At least 200 tiny tremors hit between Victoria and Seattle on March 12. (@earthquakeguy/Twitter)

200 tremors recorded near Vancouver Island due to ‘tectonic dance’

The tremors were not felt but provide useful information to scientists

At least 200 tiny tremors were noted — not felt — between Victoria and Seattle on Tuesday.

According to John Cassidy, earthquake seismologist for Natural Resources Canada, the noted tremors are not earthquakes but shaking ground that can easily be recorded and monitored.

“[The wave recordings] look kind of like a windstorm coming in, things start to shake gradually, then they shake off a little more and then it rolls off slowly,” Cassidy explained.

RELATED: ‘Earthquake swarm’ strikes off Vancouver Island for past four days

Typically, Vancouver Island moves towards the Lower Mainland at a rate of approximately one centimetre per year but every 15 months or so, a ‘slip’ is recorded. First discovered by two local scientists, Gary Rogers and Herb Dragert, a tremor and slip event is when the Island ‘slips’ back a few millimetres into the ocean.

“In this region where we see tremors, [the plates] are actually going back and forth like a tectonic dance that Vancouver Island does every 14 or 15 months,” Cassidy noted.

Episodic tremor and slip is a very small, slow slip that occurs more frequently than the massive, sudden shifts that characterize a bigger earthquake. By tracking the number of tremors over a period of days scientists are able to tell if an episodic tremor and slip is occurring. This helps them understand the subduction fault beneath the earth including where it’s locked in place and where it’s storing energy aiding in what to expect during future earthquakes.

RELATED: More than 150 tremors hit Vancouver Island in the past 24 hours

“We know from earthquakes around the world that awareness and preparedness make a huge difference in minimizing the impact of earthquakes,” Cassidy said. “Getting under a table, holding on, being away from windows that might break or chimneys that might collapse.”

Cassidy added there is no need for panic but said these tremors are good reminders about the rock that we live on.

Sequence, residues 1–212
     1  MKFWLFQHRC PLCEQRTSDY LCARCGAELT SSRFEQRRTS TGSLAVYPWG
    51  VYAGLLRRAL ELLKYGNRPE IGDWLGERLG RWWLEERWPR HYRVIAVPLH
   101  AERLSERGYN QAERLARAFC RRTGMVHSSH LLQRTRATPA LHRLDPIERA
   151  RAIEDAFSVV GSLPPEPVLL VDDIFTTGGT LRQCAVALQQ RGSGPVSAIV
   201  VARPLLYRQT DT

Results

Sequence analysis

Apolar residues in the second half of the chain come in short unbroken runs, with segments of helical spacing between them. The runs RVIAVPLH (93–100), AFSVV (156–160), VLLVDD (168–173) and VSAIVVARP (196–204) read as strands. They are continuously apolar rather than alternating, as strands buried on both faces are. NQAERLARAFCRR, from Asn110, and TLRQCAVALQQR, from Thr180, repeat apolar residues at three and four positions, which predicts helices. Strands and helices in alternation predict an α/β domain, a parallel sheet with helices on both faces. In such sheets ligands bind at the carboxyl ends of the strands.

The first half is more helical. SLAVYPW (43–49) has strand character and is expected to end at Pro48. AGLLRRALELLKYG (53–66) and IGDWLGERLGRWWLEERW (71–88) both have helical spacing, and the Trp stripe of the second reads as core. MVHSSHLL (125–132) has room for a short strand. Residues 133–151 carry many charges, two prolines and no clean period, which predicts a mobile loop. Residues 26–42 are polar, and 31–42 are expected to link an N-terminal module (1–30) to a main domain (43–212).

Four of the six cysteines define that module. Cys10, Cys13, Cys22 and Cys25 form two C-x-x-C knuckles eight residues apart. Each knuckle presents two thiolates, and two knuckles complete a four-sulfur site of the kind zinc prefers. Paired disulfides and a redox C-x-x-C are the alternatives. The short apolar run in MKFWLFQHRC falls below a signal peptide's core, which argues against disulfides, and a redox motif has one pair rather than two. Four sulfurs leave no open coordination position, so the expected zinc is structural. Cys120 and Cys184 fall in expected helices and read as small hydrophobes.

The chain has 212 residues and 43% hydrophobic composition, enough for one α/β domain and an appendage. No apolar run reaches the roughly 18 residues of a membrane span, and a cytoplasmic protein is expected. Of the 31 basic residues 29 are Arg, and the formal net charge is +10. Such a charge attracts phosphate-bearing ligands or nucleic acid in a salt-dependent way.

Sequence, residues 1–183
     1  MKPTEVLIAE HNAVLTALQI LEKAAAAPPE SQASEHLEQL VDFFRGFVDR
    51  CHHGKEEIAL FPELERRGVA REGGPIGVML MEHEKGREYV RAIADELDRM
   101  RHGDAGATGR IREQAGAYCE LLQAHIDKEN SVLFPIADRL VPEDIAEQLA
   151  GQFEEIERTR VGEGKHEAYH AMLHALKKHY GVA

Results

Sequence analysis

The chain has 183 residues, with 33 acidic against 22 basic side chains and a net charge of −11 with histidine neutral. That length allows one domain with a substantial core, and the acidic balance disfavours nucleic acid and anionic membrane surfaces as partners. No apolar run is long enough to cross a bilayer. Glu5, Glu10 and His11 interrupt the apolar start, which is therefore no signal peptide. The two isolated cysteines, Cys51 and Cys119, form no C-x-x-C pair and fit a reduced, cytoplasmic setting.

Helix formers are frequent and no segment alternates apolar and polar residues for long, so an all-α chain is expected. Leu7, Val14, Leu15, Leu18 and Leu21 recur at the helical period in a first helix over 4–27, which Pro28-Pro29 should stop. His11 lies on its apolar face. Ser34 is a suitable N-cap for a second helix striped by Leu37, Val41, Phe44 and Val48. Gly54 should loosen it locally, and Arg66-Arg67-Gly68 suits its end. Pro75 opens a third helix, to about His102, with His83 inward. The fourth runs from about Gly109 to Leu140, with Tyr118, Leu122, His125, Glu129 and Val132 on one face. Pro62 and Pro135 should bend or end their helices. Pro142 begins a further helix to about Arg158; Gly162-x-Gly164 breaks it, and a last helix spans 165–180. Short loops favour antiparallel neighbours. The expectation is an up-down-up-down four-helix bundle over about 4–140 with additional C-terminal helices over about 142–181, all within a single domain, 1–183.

“This is an earthquake zone and earthquakes occur here on a regular basis, but larger earthquakes have occurred here and will occur in the future,” Cassidy said.



kendra.crighton@blackpress.ca

Follow us on Instagram
Like us on Facebook and follow us on Twitter.

Just Posted

Former Maple Ridge resident in Sonic Boom Music Fest

Aaron Graham will be featured at the upcoming Sonic Boom Music Festival

UPDATE: Styrofoam melting machine the cause of Saturday’s fire in Pitt Meadows

Fire spread quickly to surrounding Styrofoam and lumber

Looking Back: Books and haircuts

What do they have in common?

Bees facing high mortality after long, hard winter

Some Pitt Meadows beekeepers seeing half of their hives die

Pitt Meadows hits record high

Environment Canada put Pitt Meadows at 19 C

VIDEO: RCMP ask kids to help name soon-to-be police dogs

13 German shepherd puppies will be born this year

NDP’s Jagmeet Singh steps into the House of Commons, making history

Burnaby South MP becomes first visible minority to lead a federal party in the House of Commons

Chilliwack grad says modest dress codes don’t protect girls from assault

Sardis alumni was ‘catcalled, harassed, and groped by my male classmates’ despite modest clothing

One of the biggest cow shows in Canada is coming back to the ‘Wack

Prize money of $240,000 is on offer at the spring Holstein show Friday at Chilliwack Heritage Park

‘Considerably large’ tractor tire fell and killed 3-year-old girl on B.C. farm

Delta’s deputy fire chief said crews tried to helicopter girl out after a tractor tire leaning against a barn fell onto her

VIDEO: Race and sport examined at new We Are Hockey exhibit in Abbotsford

UFV SASI hosting exhibit looking at hockey history and race

Nearly 40% of British Columbians not taking their medications correctly: poll

Introduction of legal cannabis could cause more issues for drug interactions

Mining company fined $70,000 after two workers killed in B.C. truck crash

Broda Construction pleaded guilty to failing to provide safe workplace at Cranbrook rock quarry

B.C. argues it cannot stop Trans Mountain, but it can protect environment

Alberta Premier Rachel Notley says only Ottawa has the authority to decide what goes in trans-boundary pipelines

Most Read